Special permission to stage a classic hit
PUBLISHED: 15:25 30 January 2008 | UPDATED: 11:30 01 July 2010
SPECIAL permission was needed by the Bromley Little Theatre to stage Michael Frayn s classic farce Noises Off last week – from the author himself, writes Mark Campbell.
SPECIAL permission was needed by the Bromley Little Theatre to stage Michael Frayn's classic farce Noises Off last week - from the author himself, writes Mark Campbell.
Amateur performing rights are unavailable, but because theatre member Jane Lobb interviewed Frayn for a magazine, the writer made an exception and allowed the BLT to put it on.
The play follows a group of actors attempting to mount a provincial tour of a generic farce called Nothing On.
Act One is the problematic dress rehearsal, hours before opening night.
Act Two is the same scene, at a different venue, but witnessed from backstage.
By Act Three, the tour is nearly over and the play is now a chaotic shambles.
Director Paul Johnson kept the actors on their toes throughout, aided by his enforced appearance on stage (replacing another actor) as the fictitious director Lloyd Dallas.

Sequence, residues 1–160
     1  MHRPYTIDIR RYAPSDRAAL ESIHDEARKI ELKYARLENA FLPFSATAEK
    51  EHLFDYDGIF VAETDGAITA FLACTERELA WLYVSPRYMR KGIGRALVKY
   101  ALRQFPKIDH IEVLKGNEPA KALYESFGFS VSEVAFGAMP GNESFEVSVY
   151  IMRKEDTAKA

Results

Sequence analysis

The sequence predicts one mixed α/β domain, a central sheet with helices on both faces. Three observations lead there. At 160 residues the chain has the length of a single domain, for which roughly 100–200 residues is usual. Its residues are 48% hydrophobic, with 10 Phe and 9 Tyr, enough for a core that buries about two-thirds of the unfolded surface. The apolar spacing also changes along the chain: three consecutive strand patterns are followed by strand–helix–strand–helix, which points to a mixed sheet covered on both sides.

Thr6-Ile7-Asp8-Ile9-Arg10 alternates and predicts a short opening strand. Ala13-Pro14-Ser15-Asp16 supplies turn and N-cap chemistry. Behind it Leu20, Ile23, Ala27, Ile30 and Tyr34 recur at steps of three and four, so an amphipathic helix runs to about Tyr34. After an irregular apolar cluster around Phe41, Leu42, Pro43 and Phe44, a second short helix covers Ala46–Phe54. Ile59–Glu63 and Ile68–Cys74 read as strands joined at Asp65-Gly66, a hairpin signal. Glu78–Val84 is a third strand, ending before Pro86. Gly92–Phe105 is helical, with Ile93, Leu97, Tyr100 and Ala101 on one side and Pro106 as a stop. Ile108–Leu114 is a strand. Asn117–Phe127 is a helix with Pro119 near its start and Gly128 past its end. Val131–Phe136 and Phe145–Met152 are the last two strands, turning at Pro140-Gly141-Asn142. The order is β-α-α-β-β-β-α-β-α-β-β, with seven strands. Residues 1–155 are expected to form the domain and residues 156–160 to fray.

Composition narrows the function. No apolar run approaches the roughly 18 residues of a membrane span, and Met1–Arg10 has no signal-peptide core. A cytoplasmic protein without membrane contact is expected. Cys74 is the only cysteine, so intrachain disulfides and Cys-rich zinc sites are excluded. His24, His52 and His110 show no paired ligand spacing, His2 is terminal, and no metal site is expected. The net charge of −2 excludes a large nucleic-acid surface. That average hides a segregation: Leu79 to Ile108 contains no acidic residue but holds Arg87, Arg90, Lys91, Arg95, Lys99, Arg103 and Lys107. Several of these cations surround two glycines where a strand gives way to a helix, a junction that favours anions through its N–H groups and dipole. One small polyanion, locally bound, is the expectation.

Nikki Packham was a ditzy Dotty Otley, playing a charlady with a hilarious line in malapropisms, while Charlie Mafham's obvious charms were put to good use as the dimwitted sex kitten Brooke Ashton.
Patrick Neylan, although likeable, didn't quite convince as Frederick Fellowes, but this was more than made up for in Martin Dales' uncannily accurate portrayal of a stressed, middle-aged actor sweatily struggling with onstage calamities and backstage furores.
Jane Lobb and Glenn Aylott were the harassed stage crew, while leggy Samantha Barrass was the maturer sex interest with Bill Morley a drunken old ham who never got his entrances (or lines) quite right.
Although it took a while, Tony Jenner and Paul Johnson's ingenious two-tiered set successfully swivelled 180 degrees in full view of the audience - a real feat for such a tiny stage.
Meanwhile real-life Stage Manager Julie Cocker's organisational skills were stretched to the full by the many props and costume changes required for this demanding show.
The playwright's only real failing was in making the characters' personal lives rather less interesting than their on-stage mishaps; this meant that Act One was a little pedestrian at times.
But after the interval, breakneck slapstick was the order of the day and the play really came alive.